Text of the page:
Bb to C measurements

Discussion in 'Trumpet Discussion' started by BrassBandMajor, Dec 31, 2015.

  1. BrassBandMajor

    BrassBandMajor Fortissimo User

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    In a while after restoring my rotary cornet and my holton cornet I would like to have a c trumpet just for fun. I plan to buy a Olds Ambassador and convert one for fun like a project. Could anyone supply me their measurements or any kind of measurement? There is a youtube tutorial might follow that.
     
  2. stumac

    stumac Fortissimo User

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    When you are ready to do, I can send you the measurements.

    Regards, Stuart.
     
  3. BrassBandMajor

    BrassBandMajor Fortissimo User

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    Thank you
     
  4. rowuk

    rowuk Moderator Staff Member

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    Try a C cornet for fun! That could even be a Pro horn. I suspect less cost, less intonation issues and a lot more fun playing it! A C flugel would also be awesome as a project.
     
  5. BrassBandMajor

    BrassBandMajor Fortissimo User

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    Hmmm.... thanks for the recommendation.
     
  6. trumpetsplus

    trumpetsplus Fortissimo User

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    An understanding of the physics is pretty handy:
    Velocity = frequency x wavelength
    Equal temperament sets the frequency of a half step rise as frequency 1 x 12th root of 2

    You can easily get the measurements, the art is to know where to shorten. Virtually every C trumpet on the market is a shortened Bb. You can identify the ones that are not by their having a shorter overall silhouette; basically bell rim to bell crook less than 19".

    An Ambassador trumpet converted well will make a much nicer C than it was a Bb especially if you throw away the stifling bell/valve casing/lead pipe braces and use regular ones hanging off the 2nd valve casing.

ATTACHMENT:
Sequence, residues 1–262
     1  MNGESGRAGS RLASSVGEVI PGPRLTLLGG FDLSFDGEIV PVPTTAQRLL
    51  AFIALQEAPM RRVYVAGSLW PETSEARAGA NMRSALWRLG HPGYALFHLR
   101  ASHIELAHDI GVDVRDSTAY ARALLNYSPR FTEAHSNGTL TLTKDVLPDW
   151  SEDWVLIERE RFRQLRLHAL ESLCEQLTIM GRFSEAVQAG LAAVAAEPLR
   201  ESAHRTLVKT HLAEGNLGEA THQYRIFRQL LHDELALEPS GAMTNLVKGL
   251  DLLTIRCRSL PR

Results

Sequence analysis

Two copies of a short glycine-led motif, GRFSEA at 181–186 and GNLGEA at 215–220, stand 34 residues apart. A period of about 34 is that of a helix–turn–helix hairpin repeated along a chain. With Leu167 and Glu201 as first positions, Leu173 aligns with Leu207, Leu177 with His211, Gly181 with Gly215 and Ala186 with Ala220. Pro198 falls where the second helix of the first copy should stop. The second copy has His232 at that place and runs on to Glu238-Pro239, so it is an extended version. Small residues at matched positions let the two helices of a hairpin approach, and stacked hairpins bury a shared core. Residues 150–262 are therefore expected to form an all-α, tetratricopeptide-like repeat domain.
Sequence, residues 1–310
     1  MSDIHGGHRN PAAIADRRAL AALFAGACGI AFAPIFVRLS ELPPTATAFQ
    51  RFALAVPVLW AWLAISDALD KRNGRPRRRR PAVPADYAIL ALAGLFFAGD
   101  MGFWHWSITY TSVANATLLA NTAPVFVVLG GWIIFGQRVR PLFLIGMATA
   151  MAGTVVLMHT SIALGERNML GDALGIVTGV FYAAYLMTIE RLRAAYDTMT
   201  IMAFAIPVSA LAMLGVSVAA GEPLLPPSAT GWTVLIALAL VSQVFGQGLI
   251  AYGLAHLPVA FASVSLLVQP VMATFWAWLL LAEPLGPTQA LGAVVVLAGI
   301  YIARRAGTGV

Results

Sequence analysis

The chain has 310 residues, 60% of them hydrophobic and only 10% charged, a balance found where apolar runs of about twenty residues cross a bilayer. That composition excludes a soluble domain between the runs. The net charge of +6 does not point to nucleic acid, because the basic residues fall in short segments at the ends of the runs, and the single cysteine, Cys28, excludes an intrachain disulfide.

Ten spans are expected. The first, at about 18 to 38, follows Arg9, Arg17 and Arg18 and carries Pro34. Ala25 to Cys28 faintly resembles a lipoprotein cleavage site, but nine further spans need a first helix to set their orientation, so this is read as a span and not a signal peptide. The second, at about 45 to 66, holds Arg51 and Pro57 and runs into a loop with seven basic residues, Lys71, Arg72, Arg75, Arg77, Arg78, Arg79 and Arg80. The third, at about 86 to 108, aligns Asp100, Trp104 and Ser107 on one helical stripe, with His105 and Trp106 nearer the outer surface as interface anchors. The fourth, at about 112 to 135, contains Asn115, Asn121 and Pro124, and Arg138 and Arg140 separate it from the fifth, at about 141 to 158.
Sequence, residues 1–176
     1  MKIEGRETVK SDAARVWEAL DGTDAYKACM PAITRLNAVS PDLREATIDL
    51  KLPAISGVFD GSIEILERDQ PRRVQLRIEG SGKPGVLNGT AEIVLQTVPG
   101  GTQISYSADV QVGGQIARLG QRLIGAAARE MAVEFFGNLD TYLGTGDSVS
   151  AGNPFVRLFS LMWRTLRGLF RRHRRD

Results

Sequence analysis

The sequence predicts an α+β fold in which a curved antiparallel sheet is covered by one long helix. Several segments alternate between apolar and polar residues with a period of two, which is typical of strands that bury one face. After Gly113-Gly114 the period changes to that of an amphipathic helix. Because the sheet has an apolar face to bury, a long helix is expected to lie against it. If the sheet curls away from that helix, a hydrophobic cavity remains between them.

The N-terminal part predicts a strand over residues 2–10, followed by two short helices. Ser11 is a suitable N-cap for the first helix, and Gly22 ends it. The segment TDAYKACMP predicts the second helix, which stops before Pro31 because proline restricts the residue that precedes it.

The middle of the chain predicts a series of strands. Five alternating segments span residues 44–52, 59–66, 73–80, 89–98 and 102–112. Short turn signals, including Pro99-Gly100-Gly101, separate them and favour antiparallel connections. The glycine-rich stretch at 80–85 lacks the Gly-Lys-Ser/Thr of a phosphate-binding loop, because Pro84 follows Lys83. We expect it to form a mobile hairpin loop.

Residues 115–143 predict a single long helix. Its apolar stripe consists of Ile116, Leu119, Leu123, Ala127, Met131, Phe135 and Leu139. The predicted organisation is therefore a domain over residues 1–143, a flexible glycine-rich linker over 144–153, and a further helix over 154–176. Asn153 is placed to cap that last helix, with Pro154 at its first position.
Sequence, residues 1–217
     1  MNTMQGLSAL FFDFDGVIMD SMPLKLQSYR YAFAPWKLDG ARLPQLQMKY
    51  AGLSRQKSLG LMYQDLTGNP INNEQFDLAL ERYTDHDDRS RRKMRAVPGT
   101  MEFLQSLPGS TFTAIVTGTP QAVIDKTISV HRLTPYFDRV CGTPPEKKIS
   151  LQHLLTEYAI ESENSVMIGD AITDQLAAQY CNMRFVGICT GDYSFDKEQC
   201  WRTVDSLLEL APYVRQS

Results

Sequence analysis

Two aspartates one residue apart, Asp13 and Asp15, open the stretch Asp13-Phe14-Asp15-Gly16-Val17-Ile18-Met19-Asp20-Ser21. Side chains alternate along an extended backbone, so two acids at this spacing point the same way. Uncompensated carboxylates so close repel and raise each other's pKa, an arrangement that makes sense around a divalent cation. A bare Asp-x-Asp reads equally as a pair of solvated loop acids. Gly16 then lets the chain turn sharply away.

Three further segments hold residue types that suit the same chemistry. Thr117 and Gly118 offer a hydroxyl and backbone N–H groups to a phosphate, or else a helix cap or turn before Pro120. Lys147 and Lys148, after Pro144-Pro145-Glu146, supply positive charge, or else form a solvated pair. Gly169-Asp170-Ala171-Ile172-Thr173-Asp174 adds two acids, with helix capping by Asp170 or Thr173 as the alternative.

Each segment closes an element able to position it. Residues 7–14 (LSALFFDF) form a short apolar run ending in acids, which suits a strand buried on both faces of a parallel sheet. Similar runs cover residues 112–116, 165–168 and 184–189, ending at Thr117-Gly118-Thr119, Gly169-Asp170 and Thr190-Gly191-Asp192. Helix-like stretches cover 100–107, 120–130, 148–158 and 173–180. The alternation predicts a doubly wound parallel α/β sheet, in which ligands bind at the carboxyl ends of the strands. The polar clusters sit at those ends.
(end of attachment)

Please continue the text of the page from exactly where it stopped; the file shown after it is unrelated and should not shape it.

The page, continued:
I do not recommend C flugel conversions. I have done some at customers' insistence. The problem with these is that there is no cylindrical tubing to shorten, so you end up having to match 2 different bore sizes at some point.

    Here is one I did:
    [​IMG]
     
  7. trumpetsplus

    trumpetsplus Fortissimo User

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    Here is an Ambassador I did.

    [​IMG]
     
  8. rowuk

    rowuk Moderator Staff Member

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    I have always ben told that C trumpets were built this way to keep the bell at the same distance as a Bb from your ear. That was supposed to make switching easier. My experience with pistons has always been that the longer the leadpipe, the better potential for optimal intonation (with the exception of rotaries that have a completely different balance of tapered to cylindrical tuning). Dave Monette however proved to me that there is nothing wrong with a short leadpipe.

     
  9. trumpetsplus

    trumpetsplus Fortissimo User

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    Here is a prototype I have just finished - a C trumpet with an ascending quarter tone valve
    [​IMG]
    [​IMG]

    You will notice that the bell is shorter than the standard C trumpet on this model.
     

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